Last month we discussed the importance of tracking measures of reproductive efficiency, as promised this month we review some of the reported literature on reproductive success in various commercial programs. This is not intended as an exhaustive review of all the available literature on the subject. Rather, we have used specific references to illustrate various concepts related to reports of equine fertility.
Pregnancy rate is expressed as either the first cycle pregnancy rate, the per cycle pregnancy rate or the end of season pregnancy rate, see our previous article Measuring Reproductive Efficiency for an explanation on how these values are calculated. Pregnancy rate per cycle reflects the true fertility of the mare and stallion, whereas the seasonal pregnancy rate can be greatly improved by persistent breeding attempts and good management. For instance, if one stallion has a 75 % pregnancy rate per cycle then after two cycles for each mare, 93% of mares are pregnant. If you have another stallion that has a pregnancy rate per cycle of only 40%, then they can achieve a 93% pregnancy rate after 5 cycles. Obviously, under similar management conditions, the first stallion is more ‘fertile’ than the second. A great deal more effort (labor, time, veterinary costs, mare board, etc) is required for the second stallion. Pregnancy rate per cycle is a more sensitive indicator of reproductive success when the efficiency and economy of breeding is evaluated. Foaling rate, on the other hand, includes the effect of the pregnancy losses. Although this does not necessarily reflect innate fertility, it is ultimately the best economical measure when the goal of a breeding program is to put a foal on the ground for minimal cost.
When reviewing reproductive efficiency data it is important to consider all the environmental and management variables that could influence the result. A study by Katila et al  reviewed 15yrs of data for Finnhorses (FH) and Standardbreds (SB) in Finnland. A total of 20,168 mares and 2,230 stallions were included in the study that spanned years 1991 to 2005. The data represented 69,180 breedings and 102,615 cycles. The overall foaling rate was 68% with a breed difference of 64% for FH and 71% for SB. One could infer from this data that Standardbreds were more fertile as a breed than Finnhorses. However, it is possible that management practices may explain the difference in foaling rates. The FH owners represent a more traditional horse owner; mares are probably more often owned and handled by amateurs who might not even sell their foals. The breeding and foal fees are lower for the FH which may also exert an effect on the efforts to get the mare in foal. Also natural mating was more commonly practiced for the FH than for the SB. Foaling rates after natural mating were lower than after on-site AI which was more common in the SB.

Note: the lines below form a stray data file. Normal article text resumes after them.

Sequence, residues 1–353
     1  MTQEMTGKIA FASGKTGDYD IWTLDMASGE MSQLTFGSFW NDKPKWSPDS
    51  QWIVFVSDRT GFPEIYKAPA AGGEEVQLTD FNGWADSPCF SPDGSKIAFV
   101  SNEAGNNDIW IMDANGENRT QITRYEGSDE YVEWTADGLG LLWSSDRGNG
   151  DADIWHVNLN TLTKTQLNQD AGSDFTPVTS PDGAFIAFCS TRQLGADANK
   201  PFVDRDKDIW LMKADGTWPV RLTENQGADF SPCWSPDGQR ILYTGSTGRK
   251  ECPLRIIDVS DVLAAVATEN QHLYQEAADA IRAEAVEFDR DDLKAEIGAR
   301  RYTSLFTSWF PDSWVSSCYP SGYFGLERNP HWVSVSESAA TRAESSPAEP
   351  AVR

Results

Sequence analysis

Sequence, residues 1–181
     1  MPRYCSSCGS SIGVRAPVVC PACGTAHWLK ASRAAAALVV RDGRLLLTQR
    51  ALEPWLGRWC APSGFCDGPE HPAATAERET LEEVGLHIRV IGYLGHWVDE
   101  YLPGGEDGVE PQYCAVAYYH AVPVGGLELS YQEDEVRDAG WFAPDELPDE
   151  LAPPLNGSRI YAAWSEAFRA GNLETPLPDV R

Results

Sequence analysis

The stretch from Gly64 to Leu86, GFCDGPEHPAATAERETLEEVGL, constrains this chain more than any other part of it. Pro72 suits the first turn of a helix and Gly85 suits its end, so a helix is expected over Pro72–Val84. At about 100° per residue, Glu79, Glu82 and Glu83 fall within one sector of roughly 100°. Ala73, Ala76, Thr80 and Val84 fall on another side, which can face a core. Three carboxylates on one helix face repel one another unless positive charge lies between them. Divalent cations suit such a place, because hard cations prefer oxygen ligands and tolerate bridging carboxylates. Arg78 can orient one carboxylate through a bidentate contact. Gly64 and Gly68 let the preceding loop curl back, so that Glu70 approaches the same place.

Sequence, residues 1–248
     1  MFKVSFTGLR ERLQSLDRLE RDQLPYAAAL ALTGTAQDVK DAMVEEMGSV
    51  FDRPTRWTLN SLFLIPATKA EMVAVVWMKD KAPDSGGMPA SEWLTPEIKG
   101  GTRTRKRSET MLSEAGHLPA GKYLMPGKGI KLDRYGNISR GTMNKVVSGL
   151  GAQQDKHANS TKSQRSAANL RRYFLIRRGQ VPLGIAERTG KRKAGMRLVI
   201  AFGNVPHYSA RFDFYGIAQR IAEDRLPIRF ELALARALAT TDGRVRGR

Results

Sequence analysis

In an Australian study, the reproductive efficiency was compared between Thoroughbred and Standardbred (SB) horses, records from 1994-1995 were reviewed, representing 3163 mares and 4522 cycles. The TB mares were bred by natural cover, the SB mares by artificial insemination (AI). The pregnancy rate per cycle was significantly higher in TB (70%) than in SB (62%), so in addition to a breed difference one could make the conclusion that live cover was more effective than artificial insemination. However, in this case the seasonal pregnancy rates were the same (87 and 89% respectively). The difference was explained by SB farms being less likely to involve veterinarians in routine breeding farm management and the longer breeding season in the SB industry allowing compensation for the lower pregnancy rate per cycle .
Another example can be taken from the study of Morris and Allen , the pregnancy rate per cycle was 55% for barren mares and 61% for foaling mares, but the respective seasonal pregnancy rates were 92% and 86%, and foaling rates 89 and 81%. The barren mares look to be a more fertile population than the foaling mares. However, the barren mares in this case may represent valuable problem mares that receive more attention and benefit from intensive management and veterinary treatment. As you can see it is essential to understand all the factors that can influence the result when interpreting data, there are so many variables at play in the reproductive management of horses. In addition, as mentioned in our previous article Measuring Reproductive Efficiency, it is also important to ensure there are sufficient numbers of breedings represented in the data before making conclusions which could potentially influence management practices.